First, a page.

It may happen that a behavior is more under attitudinal than normative control. In this case, if attitudes are amenable to intervention, this would be the most straightforward strategy. However, it may be that attitudes are not amenable to intervention whereas normative beliefs are. Is there a way to increase the importance of normative beliefs? Thus far, there is support in the literature for two ways.
and Hogg (1996) performed
an elegant demonstration that norms have a stronger influence
when people identify strongly with their group (as long as
the group identification is salient). Thus, if one wishes
to intervene on a normative level, it may be useful to find
out the group or groups with which the person strongly identifies.
As long as the group norms are consistent with the direction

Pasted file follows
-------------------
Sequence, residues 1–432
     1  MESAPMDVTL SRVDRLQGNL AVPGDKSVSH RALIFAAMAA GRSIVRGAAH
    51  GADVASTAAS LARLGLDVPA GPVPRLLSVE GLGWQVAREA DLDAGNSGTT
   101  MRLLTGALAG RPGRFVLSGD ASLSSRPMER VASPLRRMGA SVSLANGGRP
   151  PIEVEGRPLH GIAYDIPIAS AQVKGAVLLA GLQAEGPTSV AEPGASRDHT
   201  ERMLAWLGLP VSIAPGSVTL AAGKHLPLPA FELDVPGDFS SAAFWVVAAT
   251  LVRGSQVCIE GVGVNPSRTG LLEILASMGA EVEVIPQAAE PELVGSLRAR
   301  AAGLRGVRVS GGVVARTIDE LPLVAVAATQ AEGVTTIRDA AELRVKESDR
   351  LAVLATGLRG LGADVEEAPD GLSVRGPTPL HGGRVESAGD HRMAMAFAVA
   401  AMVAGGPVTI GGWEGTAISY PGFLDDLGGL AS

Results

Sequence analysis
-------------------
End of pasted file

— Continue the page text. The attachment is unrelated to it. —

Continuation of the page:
of the intervention, increasing the salience of this group
membership is likely to help push the person in that direction.
Priming the collective self
and Finlay (1996) speculated that the influence
of norms could be increased by priming the collective self
(the location in memory that contains thoughts about group
and Trafimow (1998) tested this speculation
by priming the private or collective self and then measured
attitudes, norms, and intentions to use a condom during sexual
intercourse. Compared to when the private self was primed,
the influence of norms was substantially augmented when the
collective self was primed. Thus, this research suggests that
the influence of normative beliefs on behavior can be augmented
if the collective self is primed.